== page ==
News & Events

Nurses/Advocates Outraged by Senate Ways & Means Committee’s Gutting of Safe Staffing Bill, Which Will Codify Current Unsafe Conditions in Hospitals and Continue to Place Thousands of Patients in Jeopardy

Measure Eliminates House Compromise Bill’s Call for Safe Staffing Standards and Patient Limits, Allowing Hospital Administrators to Continue to Set Their Own Staffing Levels.

Nurses and patient advocates, who have been awaiting Senate action on pending legislation to guarantee safe RN staffing and improved patient safety, are outraged by the Senate Ways and Means Committee’s release of a harmful version of the bill that will allow the state’s hospitals to continue the dangerous and deadly status quo.

The new senate bill removes all key compromise provisions achieved through negotiations with legislators and key stakeholders which were contained in the version that passed the House (119-35) on May 22. The House version called upon the Massachusetts Department of Public Health to create industry-wide staffing standards and patient limits to assure safe patient care in all Massachusetts hospitals. The new Senate version continues to place hospital administrators in charge of setting their own staffing standards, a practice that has led to a health care crisis in Massachusetts, where more than 45,000 patients a year are injured and more than 2,000 patients – six a day – die from preventable infections and complications they get in the hospital. The Senate version also guts protections against the dangerous practice of mandatory overtime, which is key to preventing medication errors by exhausted staff.

Additionally, the Senate bill fails to recognize the overwhelming body of research that links safe patient outcomes directly to the number of patients a nurse is caring for at one time. It also greatly broadens the power of hospital administrators, who can cut corners and dangerously increase a nurse’s patient load.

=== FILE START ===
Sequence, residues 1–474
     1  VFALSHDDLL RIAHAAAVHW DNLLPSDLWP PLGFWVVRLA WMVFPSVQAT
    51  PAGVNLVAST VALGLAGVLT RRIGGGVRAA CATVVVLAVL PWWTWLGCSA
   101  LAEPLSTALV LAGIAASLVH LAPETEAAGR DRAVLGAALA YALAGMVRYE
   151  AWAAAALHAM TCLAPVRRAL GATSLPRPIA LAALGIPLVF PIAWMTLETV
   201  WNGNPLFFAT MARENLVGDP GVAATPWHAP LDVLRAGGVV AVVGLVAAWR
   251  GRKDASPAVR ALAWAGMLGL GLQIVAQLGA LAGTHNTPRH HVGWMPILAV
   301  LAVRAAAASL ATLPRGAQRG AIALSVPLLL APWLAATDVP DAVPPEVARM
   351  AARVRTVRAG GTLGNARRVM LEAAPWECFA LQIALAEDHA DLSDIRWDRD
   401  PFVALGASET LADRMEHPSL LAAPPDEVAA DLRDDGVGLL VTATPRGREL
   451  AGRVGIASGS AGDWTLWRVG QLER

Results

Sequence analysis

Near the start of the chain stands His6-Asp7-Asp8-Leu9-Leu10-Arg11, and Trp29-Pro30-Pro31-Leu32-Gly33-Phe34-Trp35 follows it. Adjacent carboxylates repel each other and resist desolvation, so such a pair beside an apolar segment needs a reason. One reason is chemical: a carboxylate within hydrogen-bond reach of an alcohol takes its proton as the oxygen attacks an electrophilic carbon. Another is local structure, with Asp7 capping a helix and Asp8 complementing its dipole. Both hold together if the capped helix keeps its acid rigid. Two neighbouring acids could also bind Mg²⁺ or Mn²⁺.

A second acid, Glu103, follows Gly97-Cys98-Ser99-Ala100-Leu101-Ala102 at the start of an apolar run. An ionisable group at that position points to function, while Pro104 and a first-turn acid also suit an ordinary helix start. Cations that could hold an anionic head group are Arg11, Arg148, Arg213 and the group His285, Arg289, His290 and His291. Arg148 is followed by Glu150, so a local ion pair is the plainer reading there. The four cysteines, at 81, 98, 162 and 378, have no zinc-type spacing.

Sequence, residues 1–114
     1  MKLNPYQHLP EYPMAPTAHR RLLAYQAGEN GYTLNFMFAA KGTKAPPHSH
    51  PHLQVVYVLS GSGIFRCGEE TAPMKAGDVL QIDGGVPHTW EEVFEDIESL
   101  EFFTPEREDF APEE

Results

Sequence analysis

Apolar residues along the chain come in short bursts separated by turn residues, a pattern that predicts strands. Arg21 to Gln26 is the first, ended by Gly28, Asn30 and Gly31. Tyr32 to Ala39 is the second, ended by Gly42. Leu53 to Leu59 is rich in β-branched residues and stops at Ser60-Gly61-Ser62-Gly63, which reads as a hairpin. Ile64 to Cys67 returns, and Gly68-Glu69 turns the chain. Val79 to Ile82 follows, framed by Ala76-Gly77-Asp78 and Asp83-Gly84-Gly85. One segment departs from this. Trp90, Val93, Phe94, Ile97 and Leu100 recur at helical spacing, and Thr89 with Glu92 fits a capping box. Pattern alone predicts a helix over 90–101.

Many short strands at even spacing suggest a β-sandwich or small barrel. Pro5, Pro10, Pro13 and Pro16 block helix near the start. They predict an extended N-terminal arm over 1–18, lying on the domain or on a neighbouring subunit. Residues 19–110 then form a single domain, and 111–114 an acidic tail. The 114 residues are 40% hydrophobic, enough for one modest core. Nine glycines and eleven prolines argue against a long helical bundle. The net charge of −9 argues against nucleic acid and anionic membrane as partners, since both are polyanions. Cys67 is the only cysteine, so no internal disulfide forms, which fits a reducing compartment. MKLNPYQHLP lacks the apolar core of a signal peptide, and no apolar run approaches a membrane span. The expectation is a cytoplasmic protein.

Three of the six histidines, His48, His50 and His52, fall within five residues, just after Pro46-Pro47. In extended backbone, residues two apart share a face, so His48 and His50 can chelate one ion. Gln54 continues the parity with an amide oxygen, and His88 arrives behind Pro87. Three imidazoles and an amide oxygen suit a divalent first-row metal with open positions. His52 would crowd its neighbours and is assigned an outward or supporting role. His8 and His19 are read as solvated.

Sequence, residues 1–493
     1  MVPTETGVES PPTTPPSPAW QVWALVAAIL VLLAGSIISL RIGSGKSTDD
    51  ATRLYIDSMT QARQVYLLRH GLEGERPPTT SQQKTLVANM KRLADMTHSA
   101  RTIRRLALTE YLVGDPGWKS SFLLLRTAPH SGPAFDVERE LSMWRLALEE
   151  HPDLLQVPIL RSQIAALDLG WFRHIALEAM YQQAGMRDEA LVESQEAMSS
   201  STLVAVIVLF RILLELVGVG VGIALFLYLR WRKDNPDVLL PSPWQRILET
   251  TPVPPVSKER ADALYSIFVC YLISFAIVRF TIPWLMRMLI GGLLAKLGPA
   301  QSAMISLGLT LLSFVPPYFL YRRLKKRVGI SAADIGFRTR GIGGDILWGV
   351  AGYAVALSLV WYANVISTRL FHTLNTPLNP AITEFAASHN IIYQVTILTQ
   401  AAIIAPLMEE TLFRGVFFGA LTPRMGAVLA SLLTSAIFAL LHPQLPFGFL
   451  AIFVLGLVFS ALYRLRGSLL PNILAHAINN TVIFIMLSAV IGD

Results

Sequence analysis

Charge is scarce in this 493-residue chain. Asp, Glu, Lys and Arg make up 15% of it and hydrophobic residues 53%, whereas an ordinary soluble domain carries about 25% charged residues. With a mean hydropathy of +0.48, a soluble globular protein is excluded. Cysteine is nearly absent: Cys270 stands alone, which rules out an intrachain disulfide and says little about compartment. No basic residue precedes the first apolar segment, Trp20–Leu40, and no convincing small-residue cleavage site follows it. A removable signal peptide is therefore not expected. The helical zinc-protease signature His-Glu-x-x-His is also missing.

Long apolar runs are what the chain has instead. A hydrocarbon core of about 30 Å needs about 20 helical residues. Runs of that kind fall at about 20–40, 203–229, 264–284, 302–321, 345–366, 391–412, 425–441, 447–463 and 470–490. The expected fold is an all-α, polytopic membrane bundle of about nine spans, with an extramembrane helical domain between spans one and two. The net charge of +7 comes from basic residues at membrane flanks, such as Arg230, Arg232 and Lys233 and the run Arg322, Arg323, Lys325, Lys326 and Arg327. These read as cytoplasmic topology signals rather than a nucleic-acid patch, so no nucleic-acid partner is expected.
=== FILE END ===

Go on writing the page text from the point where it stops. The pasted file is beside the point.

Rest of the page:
Under the new law, there would be no uniform standard of care, and instead, the Department of Public Health would only be in charge of enforcing varying and inadequate standards created by the private sector hospital industry – including the for profit hospitals. Simply put; this legislation is a hazardous step backward, and would ensure that current unsafe conditions continue to deteriorate. We call upon our senators to reject this bill that is so dangerous to the public’s safety.

We ask instead that senators build upon the negotiated compromise that has already been reached and passed the House. This would allow the Department of Public Health to enforce limits that it determines are in the public’s best interest, rather than leaving that critical job to the very institutions that created the crisis we now face.

The new bill, S. 2805, is scheduled to be taken up for a debate and vote as early as tomorrow, Thursday, July 17. Nurses and patient advocates are now mobilizing to urge Senate adoption of amendments that re institute the protections in the House bill.

The original compromise bill is supported by more than 130 of the state’s leading health care and consumer advocacy organizations, as well as more than 80 percent of the bedside nurses and 70 percent of physicians whose ability to care for the safety of their patients would be favorably affected by passage of the House version of the bill.